Because we assume the time domain signal at hand to repeat with period T, any discontinuity between the last sample in a buffer and the first sample in the next buffer will violate this condition. To understand this, it helps to know that the result of an FFT is complex, including magnitude and phase information (this is even true if the temporal signal is real). In other words, rather than on a straight line, the FFT writes the data on a circle in the complex plane, where one revolution represents N/T Hz (N being the number of samples in the DSP Buffer). When the last sample in the DSP Buffer meets the first sample in the next DSP Buffer, chances are they will not meet in a continuous fashion. Any discontinuity will lead to a wide associated spectrum across multiple bins, a phenomenon known as “bleedthrough”.
 Another way of looking at this is that a signal with period T (and any harmonic thereof), can be represented as a combination of its fundamental frequency 1/T Hz and higher order harmonics, all spaced at multiples of its fundamental frequency. These spectral components are therefore at the center of each FFT bin. If on the other hand, the temporal signal does not have a periodicity equal to (an integer multiple of )the fundamental frequency, it's spectral components will not be centered on each bin and bleed through will occur from one bin to the next, resulting in a loss of frequency resolution.
 To avoid this happening, the samples in the DSP Buffer are first multiplied by a window function such that the spectral smearing is limited, but it is not completely eliminated. Each window function has advantages and disadvantages depending on the situation at hand. For our purposes, the BlackmanHarris window offers the best tradeoff between loss of frequency resolution and stopband characteristics.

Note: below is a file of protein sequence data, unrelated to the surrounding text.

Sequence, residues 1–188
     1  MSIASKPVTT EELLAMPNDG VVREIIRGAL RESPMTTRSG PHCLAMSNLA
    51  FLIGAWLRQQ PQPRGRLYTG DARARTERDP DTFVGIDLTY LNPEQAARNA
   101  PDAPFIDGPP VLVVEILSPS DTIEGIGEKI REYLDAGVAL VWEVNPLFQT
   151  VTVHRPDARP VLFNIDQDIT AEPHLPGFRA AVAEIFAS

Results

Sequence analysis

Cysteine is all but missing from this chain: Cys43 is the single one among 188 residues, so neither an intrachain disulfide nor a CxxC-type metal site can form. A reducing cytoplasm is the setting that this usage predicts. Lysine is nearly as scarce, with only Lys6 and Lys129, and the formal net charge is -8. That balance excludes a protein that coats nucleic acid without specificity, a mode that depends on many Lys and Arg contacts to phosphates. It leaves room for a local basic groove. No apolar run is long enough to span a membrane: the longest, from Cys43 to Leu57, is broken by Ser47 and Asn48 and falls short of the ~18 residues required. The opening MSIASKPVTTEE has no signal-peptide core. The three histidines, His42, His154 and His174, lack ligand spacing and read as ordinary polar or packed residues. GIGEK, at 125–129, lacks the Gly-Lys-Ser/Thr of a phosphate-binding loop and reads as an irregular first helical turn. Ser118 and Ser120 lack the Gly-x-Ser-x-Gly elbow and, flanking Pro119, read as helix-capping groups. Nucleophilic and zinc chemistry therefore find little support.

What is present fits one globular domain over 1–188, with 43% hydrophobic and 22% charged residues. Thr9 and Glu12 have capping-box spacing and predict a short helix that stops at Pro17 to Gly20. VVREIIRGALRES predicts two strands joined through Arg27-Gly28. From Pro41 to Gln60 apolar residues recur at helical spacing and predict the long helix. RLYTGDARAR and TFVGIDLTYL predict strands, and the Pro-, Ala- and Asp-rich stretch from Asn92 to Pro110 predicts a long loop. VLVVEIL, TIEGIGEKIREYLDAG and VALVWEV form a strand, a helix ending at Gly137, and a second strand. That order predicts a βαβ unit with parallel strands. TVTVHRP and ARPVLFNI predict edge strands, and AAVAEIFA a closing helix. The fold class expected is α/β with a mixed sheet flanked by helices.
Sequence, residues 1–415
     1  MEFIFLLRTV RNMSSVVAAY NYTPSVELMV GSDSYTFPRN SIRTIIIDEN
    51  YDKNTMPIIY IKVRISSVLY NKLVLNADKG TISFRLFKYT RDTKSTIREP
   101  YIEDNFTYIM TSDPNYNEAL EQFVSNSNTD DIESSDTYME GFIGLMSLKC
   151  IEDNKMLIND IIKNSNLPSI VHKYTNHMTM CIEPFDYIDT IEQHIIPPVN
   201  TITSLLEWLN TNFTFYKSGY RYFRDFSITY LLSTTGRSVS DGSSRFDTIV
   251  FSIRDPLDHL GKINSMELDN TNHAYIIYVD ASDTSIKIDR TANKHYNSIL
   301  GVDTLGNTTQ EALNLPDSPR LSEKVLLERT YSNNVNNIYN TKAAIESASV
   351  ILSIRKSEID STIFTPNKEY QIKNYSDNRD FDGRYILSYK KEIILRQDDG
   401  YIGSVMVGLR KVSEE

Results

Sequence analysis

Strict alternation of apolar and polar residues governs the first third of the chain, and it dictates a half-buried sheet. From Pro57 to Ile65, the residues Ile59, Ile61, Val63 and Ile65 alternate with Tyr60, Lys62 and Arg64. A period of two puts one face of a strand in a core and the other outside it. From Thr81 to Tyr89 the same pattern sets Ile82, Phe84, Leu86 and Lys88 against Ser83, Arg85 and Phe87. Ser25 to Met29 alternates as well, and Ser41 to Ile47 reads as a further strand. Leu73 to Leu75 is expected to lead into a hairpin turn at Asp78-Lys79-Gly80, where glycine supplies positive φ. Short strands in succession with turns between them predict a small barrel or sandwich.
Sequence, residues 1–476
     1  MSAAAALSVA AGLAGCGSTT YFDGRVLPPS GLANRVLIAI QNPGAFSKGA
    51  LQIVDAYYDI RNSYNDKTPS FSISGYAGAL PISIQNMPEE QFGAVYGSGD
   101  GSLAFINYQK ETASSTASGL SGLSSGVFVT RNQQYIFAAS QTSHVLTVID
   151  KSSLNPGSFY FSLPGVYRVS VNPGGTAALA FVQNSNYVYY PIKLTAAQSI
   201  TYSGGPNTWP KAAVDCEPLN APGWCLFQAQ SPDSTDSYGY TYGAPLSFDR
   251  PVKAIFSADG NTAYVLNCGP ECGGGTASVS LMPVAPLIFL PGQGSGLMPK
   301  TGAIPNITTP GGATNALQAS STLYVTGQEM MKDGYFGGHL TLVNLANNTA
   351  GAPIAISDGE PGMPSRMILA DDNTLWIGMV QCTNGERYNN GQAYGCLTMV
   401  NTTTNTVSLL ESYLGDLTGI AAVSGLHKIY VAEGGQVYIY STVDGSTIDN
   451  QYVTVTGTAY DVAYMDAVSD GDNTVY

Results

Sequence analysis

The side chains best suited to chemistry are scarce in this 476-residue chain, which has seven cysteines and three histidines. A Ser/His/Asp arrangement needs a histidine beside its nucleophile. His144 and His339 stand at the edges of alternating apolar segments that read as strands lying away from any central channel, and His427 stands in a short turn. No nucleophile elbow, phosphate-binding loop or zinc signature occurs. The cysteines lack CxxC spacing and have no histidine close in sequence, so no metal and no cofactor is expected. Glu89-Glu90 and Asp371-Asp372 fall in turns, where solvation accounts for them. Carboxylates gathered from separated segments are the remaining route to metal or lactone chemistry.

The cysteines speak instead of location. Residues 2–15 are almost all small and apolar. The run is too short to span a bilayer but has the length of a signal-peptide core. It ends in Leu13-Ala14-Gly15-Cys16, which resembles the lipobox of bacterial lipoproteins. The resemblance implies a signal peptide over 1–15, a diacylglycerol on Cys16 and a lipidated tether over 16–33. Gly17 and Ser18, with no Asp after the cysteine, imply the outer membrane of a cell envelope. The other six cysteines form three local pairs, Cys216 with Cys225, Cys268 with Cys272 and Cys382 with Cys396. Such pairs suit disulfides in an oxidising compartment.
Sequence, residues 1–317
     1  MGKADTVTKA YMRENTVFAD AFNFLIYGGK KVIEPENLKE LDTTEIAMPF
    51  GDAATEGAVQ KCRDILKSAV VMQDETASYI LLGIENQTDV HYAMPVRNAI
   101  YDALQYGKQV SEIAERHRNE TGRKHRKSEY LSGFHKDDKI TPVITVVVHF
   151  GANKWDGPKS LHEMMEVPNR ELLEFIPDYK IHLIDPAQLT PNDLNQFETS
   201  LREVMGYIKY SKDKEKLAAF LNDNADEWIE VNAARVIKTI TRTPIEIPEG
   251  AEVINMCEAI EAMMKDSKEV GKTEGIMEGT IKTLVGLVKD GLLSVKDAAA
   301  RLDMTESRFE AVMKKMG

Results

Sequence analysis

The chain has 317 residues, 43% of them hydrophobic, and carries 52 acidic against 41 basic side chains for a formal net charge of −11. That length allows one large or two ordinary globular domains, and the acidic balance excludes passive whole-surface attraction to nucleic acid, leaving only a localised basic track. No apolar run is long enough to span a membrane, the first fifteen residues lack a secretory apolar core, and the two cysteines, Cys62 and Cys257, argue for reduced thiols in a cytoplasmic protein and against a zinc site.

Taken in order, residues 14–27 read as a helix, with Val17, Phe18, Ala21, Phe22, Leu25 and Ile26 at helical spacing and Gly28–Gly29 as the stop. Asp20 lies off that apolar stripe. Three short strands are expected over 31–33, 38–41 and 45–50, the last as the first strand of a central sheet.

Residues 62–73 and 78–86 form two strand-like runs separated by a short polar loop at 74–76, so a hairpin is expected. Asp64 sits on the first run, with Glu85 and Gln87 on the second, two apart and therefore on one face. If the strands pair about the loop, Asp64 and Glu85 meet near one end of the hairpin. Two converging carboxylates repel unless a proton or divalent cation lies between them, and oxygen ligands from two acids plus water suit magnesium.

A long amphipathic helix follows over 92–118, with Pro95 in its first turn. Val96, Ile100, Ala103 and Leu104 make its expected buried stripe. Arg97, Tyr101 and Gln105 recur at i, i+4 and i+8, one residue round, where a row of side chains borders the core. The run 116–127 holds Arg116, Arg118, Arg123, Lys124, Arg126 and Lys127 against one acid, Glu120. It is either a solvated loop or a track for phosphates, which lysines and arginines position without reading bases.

The time slice T that the DSP buffer represents, often called the FFT size, equals the number of samples it can hold (the Buffer size N) divided by the Sample Rate f_{s}, e.g. if the Buffer size equals 1024 and the sample rate 96kHz, the DSP Buffer represents a time slice of 1024/96kHz = 10.67ms.
 If a signal suddenly appears, we will need to wait until the Buffer is filled, at which time it can be processed by the FFT. Waiting for the buffer to fill limits our resolution in the time domain (we have to wait T seconds). This temporal resolution is also known as latency: a high temporal resolution equals a low latency. To decrease our latency (increase our temporal resolution), we therefore need to keep T small by either reducing the Buffer size or increasing the Sample Rate, or both.
 However, we have already seen that the frequency resolution equals 1/T Hz (ignoring effects due to windowing). Therefore to increase frequency resolution, we need to increase T as much as possible by using a large Buffer Size and a low Sample Rate. It is this frequency resolution that determines the possible steepness and narrowness of our filters. A higher resolution enables steeper and narrower filters.
 Clearly we cannot have both a high temporal and a high frequency resolution. We must make a tradeoff by setting the temporal resolution (latency) to an acceptable level and accepting the resulting frequency resolution (minimum filter width).
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Last Modified:Tuesday, February 23, 2010